TACOMA -- Just hours after 13-year-old Izabel Laxamana jumped from an Interstate 5 overpass in Tacoma on May 29, rumors began to circulate on social media about what drove her to suicide.
At the center of those rumors was a 15-second video posted on YouTube. In it, Izabel is seen with her hair cut short. Her once long, black locks were on the ground in a pile. Her father could be heard speaking off camera.
“Man, you lost all that beautiful hair,” he said. “Was it worth it?"
The video went viral and led to the most prevalent rumor about Izabel’s death – that the Giaudrone Middle School student killed herself by jumping off the South 48th Street overpass because her father had posted the clip online to shame her. Some called for her father to be prosecuted criminally.
Within days, the story became global news and rumors made their way into headlines all over the world.
“What I saw in this particular incident was news media reporting what was being put on the Internet by citizens who had no idea about the facts,” said Tacoma Police Department spokeswoman Loretta Cool, who urged patience until a full investigation could be done.
Police say the real story about what led Izabel to take her own life is nothing like the tale being spun online.
Cool said Izabel’s father never posted the video online, but sent a copy to his daughter so she could have a reminder of the consequences for misbehaving. According to police, Izabel’s parents did not want her using social media and cut her hair after she was caught sending a suggestive photo to a boy.
Police say it was Izabel who shared video of the punishment with several of her friends.
Tacoma Public Schools said it became aware of the video on May 27 and that Izabel was given counseling at school on the morning of her suicide.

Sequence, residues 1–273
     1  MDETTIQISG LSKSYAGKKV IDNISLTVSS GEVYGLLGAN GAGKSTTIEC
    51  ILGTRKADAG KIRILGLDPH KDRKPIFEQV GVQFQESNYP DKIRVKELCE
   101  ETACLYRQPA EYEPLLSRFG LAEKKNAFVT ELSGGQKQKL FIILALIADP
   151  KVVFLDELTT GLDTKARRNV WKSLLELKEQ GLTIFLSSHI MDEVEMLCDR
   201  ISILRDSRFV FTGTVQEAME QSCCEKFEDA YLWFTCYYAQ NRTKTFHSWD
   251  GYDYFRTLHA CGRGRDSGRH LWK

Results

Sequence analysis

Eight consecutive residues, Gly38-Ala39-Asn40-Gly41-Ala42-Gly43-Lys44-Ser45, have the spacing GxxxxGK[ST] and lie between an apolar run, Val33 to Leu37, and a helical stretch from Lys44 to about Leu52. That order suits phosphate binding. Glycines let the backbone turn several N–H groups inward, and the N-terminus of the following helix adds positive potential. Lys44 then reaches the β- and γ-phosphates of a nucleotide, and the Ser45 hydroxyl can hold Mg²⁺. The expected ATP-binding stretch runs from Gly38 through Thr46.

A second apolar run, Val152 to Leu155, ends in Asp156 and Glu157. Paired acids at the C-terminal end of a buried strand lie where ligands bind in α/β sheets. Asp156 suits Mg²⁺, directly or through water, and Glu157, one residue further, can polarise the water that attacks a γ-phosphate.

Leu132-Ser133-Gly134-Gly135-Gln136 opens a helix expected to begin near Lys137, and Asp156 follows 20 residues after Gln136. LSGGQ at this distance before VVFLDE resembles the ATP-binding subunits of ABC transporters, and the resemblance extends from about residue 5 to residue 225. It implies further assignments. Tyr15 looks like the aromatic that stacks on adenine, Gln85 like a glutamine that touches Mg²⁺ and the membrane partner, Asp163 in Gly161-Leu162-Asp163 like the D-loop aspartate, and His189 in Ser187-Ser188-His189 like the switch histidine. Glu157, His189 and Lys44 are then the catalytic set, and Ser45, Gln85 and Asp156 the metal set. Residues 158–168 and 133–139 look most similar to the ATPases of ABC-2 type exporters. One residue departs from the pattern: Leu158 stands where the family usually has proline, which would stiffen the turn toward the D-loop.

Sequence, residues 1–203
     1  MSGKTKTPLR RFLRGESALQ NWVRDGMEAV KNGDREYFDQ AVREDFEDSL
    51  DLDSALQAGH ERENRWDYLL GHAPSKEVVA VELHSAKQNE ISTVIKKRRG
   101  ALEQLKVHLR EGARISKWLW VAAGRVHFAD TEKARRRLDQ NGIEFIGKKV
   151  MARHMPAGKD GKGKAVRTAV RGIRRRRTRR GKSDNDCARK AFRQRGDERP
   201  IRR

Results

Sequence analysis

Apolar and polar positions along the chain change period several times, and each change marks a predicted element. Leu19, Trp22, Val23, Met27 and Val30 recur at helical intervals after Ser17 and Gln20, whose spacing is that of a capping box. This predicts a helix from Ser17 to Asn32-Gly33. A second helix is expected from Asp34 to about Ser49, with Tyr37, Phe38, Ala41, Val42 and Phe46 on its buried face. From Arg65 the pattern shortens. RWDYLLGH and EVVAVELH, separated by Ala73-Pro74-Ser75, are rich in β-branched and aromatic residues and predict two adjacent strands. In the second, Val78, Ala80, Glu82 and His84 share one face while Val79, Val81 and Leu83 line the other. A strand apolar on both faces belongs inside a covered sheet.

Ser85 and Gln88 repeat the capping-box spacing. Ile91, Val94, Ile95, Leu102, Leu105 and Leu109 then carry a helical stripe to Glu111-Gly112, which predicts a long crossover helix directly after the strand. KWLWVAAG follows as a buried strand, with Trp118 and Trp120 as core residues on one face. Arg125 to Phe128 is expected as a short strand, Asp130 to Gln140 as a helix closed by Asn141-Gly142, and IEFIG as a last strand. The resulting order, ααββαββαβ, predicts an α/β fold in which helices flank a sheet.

It wasn’t until later that day, after Izabel jumped from the South 48th Street overpass, that police say a friend posted the video to YouTube. It now has more than 4 million views.
Based on eight notes Izabel left behind before she died, investigators believe she took her own life because she was ashamed of her own actions on social media and worried the photo she’d sent to a boy would haunt her for the rest of her life.
In one note, Cool said, Izabel told her father how much she loved him and that he wasn’t to blame for her death.
In addition to rumors about whether the video contributed to her death, classmates said Izabel was being bullied at school and was upset because she couldn’t participate in student government.
“I think it just pushed her too far to where she wanted to do what she did,” said one of Izabel’s friends, who was at a memorial set up along the overpass in her honor.
“She just felt like she couldn’t take it anymore,” said another friend. “There were a lot of things going on in her life.”
In a statement released over the weekend, the Tacoma Public School District responded to rumors surrounding Izabel’s death:
"The death of Izabel Laxamana … has taken an emotional and traumatic toll on the staff and students at Giaudrone Middle School.